GRIGBY, George (1772-1811), army officer. ALS to John Ireland Blackburne re Alderney. 1810


GRIGBY, George (1772-1811), army officer. ALS to John Ireland Blackburne re Alderney. 1810

Product no.: MSh0031

In stock

£175.00
UK shipping included.
Overseas shipping extra - please contact us.


AN ENGLISH OFFICER'S VIEW OF ALDERNEY IN 1810

GRIGBY, George (1772-1811), army officer. Autograph leter signed, addresed to John Ireland Blackburne MP, No.40 Bond Street, London (with oval Weymouth frank, and seal), 4 sides of a 4to bifolium, Island of Alderney, 23 June 1810, thanking him for the introduction provided to General Heron ‘He arrived at Guernsey 2 days before me.  I got there on the 10th just in time to be included in the returns.  My stay was very short in that Island, having been ordered to proceed hither on the 13th.  From General H I received the greatest attention & civility’, and  graphically describing life on Alderney ‘Sir John Doyle informed me that he did not consider ours as a permanent banishment to Siberia -  Alderney, the secluded, but but in some parts, interesting Alderney is so denominated , by the Cocknies of Port de St. Pierre in Guernsey.  One of our officers, writing from hence, signed himself, I understand, "the unfortunate officer, on the island of Sombrero." It is not so bad as that; but here certainly there is a trial of what resources a man possesses within himself. In summer it will do very well for those who like myself, admire bold & romantic prospects.  A part only of the island is cultivated - the rest is in common, but the soil where it is broken up is very rich & productive; altho' sandy.  There is no medium between that & the rock.  Property is divided infinitely; the law of Gavelkind as they tell me being here being enforced. There are no squalid poor, or beggars, every cottage has a piece of land, a cow or two & a serviceable horse that grazes upon the common, when not employed in agriculture or the conveyance of Gin, or other comfortable productions.  What think you of the virtue of sobriety, when the best brandy is to be bought for 4/6d, or 5/ a gallon!  Gin to be infinitely cheaper.  Our "Irish-Boys" therefore feel themselves perfectly at home in that respect’.  With vertical and horizontal folds, and a fragment of the margin of leaf two torn away by the seal affecting two words of the text.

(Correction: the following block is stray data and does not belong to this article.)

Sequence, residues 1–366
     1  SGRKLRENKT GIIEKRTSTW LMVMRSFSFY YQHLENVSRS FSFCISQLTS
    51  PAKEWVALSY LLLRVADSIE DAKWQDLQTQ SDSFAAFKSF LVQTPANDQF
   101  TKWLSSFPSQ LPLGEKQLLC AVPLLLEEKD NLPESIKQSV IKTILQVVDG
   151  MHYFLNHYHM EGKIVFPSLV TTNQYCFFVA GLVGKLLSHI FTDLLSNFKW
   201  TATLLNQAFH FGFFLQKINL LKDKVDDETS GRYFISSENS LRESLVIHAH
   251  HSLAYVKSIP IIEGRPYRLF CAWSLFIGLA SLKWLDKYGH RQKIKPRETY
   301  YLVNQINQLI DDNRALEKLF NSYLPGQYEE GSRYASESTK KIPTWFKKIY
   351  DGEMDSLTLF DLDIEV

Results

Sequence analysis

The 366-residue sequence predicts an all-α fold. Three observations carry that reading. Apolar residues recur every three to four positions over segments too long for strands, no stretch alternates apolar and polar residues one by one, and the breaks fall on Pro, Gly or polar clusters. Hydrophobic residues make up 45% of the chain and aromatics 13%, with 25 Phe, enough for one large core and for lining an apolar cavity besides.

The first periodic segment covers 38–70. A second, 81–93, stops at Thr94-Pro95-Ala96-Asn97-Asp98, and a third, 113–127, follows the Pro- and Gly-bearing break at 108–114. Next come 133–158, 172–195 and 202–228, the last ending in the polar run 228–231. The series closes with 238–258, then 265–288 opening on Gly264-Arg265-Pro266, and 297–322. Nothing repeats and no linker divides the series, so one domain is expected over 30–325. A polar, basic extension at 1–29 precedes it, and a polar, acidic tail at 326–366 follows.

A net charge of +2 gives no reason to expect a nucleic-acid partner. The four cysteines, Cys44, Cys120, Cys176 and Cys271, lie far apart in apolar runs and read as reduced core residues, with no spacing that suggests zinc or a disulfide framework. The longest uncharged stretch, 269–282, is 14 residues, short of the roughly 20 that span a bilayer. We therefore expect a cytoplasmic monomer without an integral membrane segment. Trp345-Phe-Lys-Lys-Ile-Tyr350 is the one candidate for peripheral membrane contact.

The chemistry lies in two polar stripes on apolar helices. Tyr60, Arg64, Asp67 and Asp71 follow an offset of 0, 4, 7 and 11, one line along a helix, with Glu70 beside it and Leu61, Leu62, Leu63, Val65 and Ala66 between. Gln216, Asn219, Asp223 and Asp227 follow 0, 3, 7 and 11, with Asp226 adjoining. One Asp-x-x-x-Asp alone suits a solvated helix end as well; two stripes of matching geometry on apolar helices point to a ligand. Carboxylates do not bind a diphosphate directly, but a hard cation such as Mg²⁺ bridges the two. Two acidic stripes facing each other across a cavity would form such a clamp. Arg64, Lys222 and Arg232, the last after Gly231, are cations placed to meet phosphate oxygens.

George Grigby (1772-1811) was the youngest son of the lawyer Joshua Grigby (c1731-1798, whose portrait was painted by Thomas Gainsborough) and Jane Bird (1736-1789) of Drinkstone, Suffolk. Educated at Gonville and Caius College, Cambridge, George Grigby proceeded to BA in 1793, MA in 1797, and was ordained a deacon but soon elected to follow a military career. He became a captain in the Suffolk Militia in 1803, lieutenant in the 1st Regiment of Dragoons in 1806, and in 1808 became captain. By 1811 Grigby had obtained a captaincy in the 11th Regiment of Foot, when he became victim to a fatal disaster. On the night of 21st February Grigby was on board the transport ship John & Jane in charge of a contingent of the 11th Regiment bound for Cadiz when in stormy weather off Falmouth they were hit by the frigate Franchise. The damage to the transport was so severe that most 197 of the troops including Grigby died, as well as 15 women, six children, and six seamen; leaving just 20 soldiers and eight seamen who survived.

Grigby published in 1807 a book entitled: A Memoir containing a Description of the Construction and Use of some Instruments designed to ascertain the Heights and Distances of inaccessible Objects without the Necessity of Reference to logarithmic Tables By George Grigby Lieutenant in his Majesty's first Regiment of Dragoons.

Grigby’s correspondent John Ireland Blackburne, was MP for Newton from 1807-1818, and MP for Warrington 1835-1847, was a strong defender of the established church, and supported the improvement of working conditions. His silhouette portrait can be found amongst a collection of family portraits for sale in the Miniatures section of this website.

The reference to General Heron is probably Lt-general Peter Heron (1770-1848) of Moor Hall, Warrington. Sir John Doyle(1756-1834) mentioned in the letter was an army officer who served with distinction in the American War of Independence and in the French Revolutionary Wars, and was Lieutenant Governor of Guernsey from 1803 to1813.

Browse these categories as well: HISTORY, MILITARY & NAVAL